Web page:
Related to lobsters, crawfish look like a miniature version of their larger relatives. They also live in fresh water while lobsters thrive in salty or brackish water. As in the case with most natural food in the United States, Native Americans enjoyed crawfish and taught the white settlers how to find and eat them. The Acadians and other settlers took to the often necessary supplement to their diets, but they were not sold commercially until the late 1800's. The first real farming of the crustacean really took off in the 1980's, as they became more popular. Louisiana now produces about 90% of the domestic crawfish supply.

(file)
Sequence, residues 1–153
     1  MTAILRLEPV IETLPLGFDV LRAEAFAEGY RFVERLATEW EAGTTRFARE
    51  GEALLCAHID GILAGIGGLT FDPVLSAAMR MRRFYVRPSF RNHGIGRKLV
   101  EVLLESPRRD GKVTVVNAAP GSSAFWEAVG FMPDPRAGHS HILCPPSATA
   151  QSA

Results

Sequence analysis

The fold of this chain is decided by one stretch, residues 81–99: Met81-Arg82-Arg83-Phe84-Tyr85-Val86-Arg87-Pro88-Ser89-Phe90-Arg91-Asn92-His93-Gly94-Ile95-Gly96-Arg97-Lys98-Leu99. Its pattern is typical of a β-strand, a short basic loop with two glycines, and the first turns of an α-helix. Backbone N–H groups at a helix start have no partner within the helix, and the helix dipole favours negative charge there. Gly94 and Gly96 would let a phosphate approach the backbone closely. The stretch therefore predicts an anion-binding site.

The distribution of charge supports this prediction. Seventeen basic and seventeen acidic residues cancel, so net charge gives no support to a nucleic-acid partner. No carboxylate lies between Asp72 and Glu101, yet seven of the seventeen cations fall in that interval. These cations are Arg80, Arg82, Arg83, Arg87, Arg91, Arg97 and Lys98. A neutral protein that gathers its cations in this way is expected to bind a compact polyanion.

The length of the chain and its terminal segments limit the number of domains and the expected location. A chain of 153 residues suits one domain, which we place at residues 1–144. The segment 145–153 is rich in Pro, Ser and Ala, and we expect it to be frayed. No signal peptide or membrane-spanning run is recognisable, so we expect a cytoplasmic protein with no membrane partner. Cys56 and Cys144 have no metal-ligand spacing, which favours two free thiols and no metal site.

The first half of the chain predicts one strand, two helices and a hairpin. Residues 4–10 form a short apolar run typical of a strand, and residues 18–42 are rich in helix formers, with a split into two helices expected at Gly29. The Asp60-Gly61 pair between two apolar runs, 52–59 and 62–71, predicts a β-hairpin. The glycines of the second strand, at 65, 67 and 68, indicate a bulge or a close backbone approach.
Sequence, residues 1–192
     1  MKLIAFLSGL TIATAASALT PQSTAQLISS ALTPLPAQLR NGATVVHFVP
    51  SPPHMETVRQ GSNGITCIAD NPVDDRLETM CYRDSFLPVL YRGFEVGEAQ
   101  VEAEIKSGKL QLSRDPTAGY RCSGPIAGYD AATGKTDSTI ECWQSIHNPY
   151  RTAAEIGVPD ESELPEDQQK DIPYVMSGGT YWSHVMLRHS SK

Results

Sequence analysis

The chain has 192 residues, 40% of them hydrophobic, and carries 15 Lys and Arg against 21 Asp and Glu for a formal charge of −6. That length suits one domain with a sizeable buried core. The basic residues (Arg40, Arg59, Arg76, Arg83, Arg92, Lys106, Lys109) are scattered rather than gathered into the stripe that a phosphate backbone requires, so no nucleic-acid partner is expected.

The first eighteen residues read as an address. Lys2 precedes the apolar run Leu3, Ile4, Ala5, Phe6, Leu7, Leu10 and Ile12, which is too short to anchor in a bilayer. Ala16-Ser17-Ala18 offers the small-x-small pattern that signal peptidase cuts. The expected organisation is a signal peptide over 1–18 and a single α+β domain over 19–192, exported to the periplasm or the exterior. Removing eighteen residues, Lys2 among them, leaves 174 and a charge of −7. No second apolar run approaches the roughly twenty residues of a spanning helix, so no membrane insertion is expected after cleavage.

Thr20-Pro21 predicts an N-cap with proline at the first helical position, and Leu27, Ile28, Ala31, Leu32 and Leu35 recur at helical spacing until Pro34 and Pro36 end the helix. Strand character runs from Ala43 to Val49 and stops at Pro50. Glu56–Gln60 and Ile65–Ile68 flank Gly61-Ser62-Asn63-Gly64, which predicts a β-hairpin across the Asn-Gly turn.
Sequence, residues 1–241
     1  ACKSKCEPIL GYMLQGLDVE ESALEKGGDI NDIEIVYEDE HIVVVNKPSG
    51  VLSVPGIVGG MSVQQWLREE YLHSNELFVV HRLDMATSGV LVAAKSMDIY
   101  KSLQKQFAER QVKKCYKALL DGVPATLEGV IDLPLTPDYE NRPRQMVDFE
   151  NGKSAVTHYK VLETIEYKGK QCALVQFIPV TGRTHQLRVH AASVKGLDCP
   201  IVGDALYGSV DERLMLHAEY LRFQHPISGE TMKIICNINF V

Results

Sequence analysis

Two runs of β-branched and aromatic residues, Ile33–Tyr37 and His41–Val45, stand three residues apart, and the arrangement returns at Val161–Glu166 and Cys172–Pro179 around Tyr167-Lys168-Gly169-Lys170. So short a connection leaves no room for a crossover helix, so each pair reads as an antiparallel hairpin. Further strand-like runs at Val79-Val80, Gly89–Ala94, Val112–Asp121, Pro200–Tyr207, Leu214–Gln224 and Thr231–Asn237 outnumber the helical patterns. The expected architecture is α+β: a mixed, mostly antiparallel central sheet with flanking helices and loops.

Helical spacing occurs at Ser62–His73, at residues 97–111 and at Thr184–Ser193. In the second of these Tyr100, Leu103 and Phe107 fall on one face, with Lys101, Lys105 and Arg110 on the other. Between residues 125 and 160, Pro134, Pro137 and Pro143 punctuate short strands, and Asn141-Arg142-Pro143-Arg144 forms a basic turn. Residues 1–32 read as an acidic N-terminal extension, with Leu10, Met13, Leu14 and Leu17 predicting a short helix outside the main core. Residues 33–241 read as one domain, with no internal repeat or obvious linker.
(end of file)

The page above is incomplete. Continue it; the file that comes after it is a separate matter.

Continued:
Most crawfish farmers also grow rice. Both crops require ponded fields and water control, and its semi-aquatic nature makes rice the main forage crop for crawfish. Ironically, the best rice varieties for grain production aren't necessarily the best for crawfish, says Dr. Ray McClain, aquaculturist at the Louisiana State University Rice Research Station, Crowley. The highest-yielding rices mature early, are short, and have a high grain-to-foliage ratio. But crawfish farmers often prefer the older rice varieties for opposite traits. This symbiotic relationship provides a steady living for the farmers and a steady supply of locally grown rice and crawfish for the people of Louisiana.